I’ve been a digital nomad since before there was a name for the thing. I travel to have direct experiences with many different spiritual practices and places. I’ve studied with different teachers who bring a holistic worldview to life. My insatiable creative impulse implores me to reflect back these experiences through my own vocabulary, one that allows me and invites you to play with being in the world and the things you and I bring into it.
I grew up in northern New Jersey. I won a congressional scholarship at 17 to be an exchange student in the Black Forest in southern Germany. The cultural exchange lit a fire in me. I fell in love with traveling the world. I returned to NJ to graduate high school, then immediately went back to Europe. I was at an international university in London for a few years, but then I dropped out to travel. I went solo all over the world, and eventually landed back in the US (Jersey City). I later moved to the Hudson Valley, NY, and called that home base as I did #vanlife for parts of the year. I arrived in New Orleans, LA in 2021 and I’m excited to see what this city wants to show me.
When I was 16 in 1997, I went on a class trip to Beuron Monastery in southern Germany. I spent a few days practicing meditation with the resident Benedictine monks. I became fascinated by the idea that meditation was a pathway to inner peace. And, I felt the physical sensations that came from the practice of working with mental sensations. My experience transformed. I knew mind-body, mind-matter interaction became something I wanted to explore more. The experience changed my life, and I credit it as the point in which I took on a spiritually curious orientation to everything in life.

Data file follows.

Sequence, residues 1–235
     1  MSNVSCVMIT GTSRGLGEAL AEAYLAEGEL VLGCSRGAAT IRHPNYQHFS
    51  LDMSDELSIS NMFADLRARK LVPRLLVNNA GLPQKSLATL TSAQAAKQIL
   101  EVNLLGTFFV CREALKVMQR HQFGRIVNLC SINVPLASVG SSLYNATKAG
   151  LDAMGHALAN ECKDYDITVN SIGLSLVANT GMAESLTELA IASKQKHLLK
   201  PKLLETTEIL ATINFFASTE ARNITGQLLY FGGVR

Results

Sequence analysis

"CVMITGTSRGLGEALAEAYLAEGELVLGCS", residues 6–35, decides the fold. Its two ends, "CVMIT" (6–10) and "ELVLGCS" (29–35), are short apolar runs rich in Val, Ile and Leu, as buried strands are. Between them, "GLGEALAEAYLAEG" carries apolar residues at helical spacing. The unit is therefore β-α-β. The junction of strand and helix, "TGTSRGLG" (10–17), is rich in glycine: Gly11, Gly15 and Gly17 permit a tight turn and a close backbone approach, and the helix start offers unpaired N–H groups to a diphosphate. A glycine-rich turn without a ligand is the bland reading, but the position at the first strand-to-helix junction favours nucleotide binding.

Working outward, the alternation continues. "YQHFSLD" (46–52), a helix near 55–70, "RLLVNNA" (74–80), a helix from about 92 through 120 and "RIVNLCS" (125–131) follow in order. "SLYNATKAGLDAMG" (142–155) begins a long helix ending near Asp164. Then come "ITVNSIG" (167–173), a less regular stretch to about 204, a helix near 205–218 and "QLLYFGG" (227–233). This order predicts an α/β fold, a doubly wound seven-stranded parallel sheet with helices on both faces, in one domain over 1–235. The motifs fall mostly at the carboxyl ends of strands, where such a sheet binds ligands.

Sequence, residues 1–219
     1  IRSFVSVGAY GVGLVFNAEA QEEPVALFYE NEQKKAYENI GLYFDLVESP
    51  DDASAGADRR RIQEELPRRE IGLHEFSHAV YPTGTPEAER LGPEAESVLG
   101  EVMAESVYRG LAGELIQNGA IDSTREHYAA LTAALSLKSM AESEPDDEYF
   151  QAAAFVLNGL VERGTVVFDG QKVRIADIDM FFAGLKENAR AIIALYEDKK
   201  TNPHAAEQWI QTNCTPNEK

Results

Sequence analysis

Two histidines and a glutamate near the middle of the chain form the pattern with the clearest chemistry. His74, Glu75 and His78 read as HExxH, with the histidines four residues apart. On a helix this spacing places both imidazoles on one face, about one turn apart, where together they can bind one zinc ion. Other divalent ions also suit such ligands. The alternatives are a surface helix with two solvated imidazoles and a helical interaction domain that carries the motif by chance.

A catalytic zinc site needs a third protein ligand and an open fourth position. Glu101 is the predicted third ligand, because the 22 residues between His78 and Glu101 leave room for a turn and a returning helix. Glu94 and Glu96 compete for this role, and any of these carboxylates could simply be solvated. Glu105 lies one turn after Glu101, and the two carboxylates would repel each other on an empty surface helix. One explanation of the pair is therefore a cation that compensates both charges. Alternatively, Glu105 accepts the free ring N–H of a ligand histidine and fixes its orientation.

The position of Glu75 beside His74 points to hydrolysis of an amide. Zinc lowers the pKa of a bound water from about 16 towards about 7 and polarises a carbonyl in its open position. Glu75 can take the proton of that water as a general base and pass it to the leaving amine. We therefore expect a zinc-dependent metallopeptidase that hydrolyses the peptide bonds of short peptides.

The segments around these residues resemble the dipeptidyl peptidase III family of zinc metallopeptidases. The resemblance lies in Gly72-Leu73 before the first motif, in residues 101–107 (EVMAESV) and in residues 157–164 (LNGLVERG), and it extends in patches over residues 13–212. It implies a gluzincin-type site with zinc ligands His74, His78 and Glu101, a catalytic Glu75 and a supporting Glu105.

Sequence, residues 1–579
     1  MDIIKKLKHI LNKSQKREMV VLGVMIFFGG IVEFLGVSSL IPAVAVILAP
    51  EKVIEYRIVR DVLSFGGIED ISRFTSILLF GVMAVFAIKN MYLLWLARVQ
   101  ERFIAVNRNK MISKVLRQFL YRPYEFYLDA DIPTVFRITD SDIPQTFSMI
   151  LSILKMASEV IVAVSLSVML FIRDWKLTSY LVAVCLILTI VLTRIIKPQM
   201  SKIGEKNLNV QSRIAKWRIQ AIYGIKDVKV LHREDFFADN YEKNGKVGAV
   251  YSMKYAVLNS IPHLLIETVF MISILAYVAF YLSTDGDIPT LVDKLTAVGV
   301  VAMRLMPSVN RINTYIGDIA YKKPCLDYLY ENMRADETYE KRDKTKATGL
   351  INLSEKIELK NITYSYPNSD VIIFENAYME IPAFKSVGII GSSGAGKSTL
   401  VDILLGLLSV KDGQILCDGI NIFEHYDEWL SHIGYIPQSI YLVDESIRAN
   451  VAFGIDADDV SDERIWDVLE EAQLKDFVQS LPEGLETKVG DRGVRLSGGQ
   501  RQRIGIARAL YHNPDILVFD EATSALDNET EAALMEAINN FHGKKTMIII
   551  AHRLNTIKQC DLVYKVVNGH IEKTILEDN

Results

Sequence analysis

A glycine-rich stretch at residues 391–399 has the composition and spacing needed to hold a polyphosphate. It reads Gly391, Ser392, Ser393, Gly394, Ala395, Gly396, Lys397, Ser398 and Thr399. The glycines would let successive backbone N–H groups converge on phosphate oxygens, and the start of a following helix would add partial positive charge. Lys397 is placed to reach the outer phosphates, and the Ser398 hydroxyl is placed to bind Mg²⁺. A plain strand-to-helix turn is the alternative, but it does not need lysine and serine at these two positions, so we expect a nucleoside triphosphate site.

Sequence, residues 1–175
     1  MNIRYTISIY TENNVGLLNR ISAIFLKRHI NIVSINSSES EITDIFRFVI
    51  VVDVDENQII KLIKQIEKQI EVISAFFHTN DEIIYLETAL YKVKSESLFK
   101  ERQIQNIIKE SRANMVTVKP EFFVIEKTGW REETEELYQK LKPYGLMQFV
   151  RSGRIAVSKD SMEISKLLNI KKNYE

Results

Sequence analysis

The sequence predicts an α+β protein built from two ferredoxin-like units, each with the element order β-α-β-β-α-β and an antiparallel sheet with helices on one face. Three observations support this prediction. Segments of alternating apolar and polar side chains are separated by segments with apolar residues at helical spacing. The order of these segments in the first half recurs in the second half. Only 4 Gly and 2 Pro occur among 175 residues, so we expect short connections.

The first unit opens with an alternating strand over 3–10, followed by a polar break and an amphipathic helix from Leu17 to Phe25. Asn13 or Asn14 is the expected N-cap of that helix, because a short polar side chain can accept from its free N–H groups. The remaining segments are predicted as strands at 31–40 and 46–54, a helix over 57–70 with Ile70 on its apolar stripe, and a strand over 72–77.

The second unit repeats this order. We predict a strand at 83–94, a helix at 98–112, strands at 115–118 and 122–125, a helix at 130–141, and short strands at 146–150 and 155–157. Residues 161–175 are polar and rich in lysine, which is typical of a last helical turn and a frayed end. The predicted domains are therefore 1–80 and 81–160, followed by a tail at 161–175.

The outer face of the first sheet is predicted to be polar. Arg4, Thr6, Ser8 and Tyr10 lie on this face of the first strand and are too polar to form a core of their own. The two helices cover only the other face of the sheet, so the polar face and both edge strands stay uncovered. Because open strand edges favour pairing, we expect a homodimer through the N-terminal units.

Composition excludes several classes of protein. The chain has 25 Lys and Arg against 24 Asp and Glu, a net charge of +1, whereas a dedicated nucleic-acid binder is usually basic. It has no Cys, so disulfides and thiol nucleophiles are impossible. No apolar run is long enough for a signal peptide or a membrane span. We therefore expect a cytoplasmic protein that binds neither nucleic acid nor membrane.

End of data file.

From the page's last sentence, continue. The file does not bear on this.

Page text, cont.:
When I was 17 in 1998, I went to the PEAR Labs (a parapsychology lab then located in a basement at Princeton University) and Brenda Dunne, whose role in the parapsychology community is to provide a humanistic interpretation of hard science data, told me that the field needed more people who can correct the grammar and presentation of all of the material. That experience launched my editorial career. I helped with editorial production for Mindfield, a publication of the Parapsychological Association, for many years.
In 2003, I self published my first work of autofiction, SevenThirteen. In 2005, I started my first microbusiness, the syntax rugrat, with the slogan “boucing ideas, one word at a time.” I offered creativity consulting that helped clients expand their vocabulary around what it was they were bringing into the world. Both were outlets to explore language and its role in creating reality. Over the years, my creativity consulting and output took many forms. The book and practice were the genesis for the form of work I do now.